U.S. Consumer Confidence Index Unexpectedly Rose in July
Confidence among U.S. consumers unexpectedly rose for the first time in five months as Americans became more upbeat about job prospects later this year.
The Conference Board’s index increased to 65.9 this month from 62.7 in June, figures from the New York-based private research group showed today. Economists projected a reading of 61.5, according to the median estimate in a Bloomberg News survey. The report showed a gain in the share of consumers anticipating better labor and economic conditions in six months.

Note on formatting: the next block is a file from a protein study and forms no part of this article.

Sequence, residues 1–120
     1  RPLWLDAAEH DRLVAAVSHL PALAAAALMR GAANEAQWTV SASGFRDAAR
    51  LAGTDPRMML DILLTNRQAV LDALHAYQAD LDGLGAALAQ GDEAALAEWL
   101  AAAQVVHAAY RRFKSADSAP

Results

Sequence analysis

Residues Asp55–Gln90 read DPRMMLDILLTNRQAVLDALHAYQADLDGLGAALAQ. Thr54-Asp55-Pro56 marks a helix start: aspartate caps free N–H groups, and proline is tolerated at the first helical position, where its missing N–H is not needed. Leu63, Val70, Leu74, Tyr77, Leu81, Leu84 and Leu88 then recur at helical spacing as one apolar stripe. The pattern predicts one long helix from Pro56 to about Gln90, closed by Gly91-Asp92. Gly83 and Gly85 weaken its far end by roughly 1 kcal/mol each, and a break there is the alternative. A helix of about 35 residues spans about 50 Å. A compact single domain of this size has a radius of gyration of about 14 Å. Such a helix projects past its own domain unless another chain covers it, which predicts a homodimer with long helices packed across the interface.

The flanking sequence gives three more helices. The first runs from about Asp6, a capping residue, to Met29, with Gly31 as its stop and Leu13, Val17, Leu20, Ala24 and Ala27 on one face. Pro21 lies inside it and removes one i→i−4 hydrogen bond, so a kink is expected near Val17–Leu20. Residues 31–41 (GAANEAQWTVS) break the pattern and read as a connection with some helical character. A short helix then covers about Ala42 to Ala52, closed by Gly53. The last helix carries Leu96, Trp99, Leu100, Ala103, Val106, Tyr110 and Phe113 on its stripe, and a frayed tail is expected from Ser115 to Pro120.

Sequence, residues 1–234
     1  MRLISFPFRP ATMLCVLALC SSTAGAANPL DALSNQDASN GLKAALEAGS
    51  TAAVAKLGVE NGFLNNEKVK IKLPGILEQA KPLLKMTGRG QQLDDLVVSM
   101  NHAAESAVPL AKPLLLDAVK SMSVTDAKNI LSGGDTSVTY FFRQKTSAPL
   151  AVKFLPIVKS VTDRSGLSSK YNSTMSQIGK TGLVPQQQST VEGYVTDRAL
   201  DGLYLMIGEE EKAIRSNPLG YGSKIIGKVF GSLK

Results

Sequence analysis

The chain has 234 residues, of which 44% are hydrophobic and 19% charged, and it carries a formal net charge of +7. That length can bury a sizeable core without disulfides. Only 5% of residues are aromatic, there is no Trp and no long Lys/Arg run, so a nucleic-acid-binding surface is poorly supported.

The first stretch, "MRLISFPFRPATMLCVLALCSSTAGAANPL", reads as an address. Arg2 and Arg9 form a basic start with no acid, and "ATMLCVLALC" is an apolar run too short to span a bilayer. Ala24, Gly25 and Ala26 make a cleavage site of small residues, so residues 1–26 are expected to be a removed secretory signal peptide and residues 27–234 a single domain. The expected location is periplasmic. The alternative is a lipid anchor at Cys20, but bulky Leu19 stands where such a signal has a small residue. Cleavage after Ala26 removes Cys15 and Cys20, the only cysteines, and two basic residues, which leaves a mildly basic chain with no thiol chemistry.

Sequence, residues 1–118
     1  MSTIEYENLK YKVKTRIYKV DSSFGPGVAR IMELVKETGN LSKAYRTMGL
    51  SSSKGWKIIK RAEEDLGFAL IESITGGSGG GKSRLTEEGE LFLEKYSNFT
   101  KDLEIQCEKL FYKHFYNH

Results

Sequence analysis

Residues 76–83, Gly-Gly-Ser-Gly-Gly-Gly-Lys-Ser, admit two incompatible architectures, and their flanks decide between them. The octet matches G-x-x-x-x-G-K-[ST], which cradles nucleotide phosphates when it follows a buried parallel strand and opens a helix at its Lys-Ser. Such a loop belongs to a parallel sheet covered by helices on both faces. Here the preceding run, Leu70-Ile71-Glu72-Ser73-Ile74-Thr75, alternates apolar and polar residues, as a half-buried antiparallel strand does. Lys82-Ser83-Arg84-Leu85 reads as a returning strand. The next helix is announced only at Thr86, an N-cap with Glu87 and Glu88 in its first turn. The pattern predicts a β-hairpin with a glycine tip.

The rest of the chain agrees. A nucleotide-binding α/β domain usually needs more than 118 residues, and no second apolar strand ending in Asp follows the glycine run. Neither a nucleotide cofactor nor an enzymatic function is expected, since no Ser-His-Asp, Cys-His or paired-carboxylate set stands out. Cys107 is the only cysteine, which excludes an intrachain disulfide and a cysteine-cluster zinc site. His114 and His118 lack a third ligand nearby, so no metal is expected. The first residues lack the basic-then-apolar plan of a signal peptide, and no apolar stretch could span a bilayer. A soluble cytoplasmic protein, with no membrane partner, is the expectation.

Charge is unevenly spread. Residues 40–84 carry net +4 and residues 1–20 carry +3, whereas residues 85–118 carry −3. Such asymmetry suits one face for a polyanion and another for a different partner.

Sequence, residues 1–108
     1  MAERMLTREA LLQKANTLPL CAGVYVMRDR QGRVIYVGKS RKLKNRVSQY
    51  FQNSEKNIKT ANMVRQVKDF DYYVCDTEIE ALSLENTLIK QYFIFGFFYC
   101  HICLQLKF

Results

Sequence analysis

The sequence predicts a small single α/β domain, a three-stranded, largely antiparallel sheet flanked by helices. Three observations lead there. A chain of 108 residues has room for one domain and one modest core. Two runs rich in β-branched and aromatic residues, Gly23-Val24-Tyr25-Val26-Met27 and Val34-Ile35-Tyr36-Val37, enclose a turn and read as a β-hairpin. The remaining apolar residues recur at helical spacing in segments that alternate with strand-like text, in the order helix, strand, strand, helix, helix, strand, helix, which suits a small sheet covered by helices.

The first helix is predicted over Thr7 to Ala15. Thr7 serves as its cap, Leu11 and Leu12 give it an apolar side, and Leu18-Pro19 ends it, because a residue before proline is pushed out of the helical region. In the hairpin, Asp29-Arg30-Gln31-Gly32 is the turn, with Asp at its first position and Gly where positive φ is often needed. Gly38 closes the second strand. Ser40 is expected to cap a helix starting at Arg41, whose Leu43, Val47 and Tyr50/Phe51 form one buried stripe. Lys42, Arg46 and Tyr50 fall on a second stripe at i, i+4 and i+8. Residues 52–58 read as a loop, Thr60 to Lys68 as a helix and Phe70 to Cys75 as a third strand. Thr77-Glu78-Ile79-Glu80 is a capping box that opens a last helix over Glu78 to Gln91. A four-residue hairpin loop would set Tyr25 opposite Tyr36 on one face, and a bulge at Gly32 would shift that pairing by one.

A pickup in the housing market and decreases in fuel prices are helping sustain consumer sentiment. At the same time, faster job gains are needed to spur consumer spending, which grew in the second quarter at the slowest pace in a year.
“Consumers are definitely getting some benefit from lower gasoline prices and that is freeing up some income,” Gus Faucher, a senior economist at PNC Financial Services Group Inc. in Philadelphia, said before the report. “Confidence is OK, it’s not great. We need better job growth.”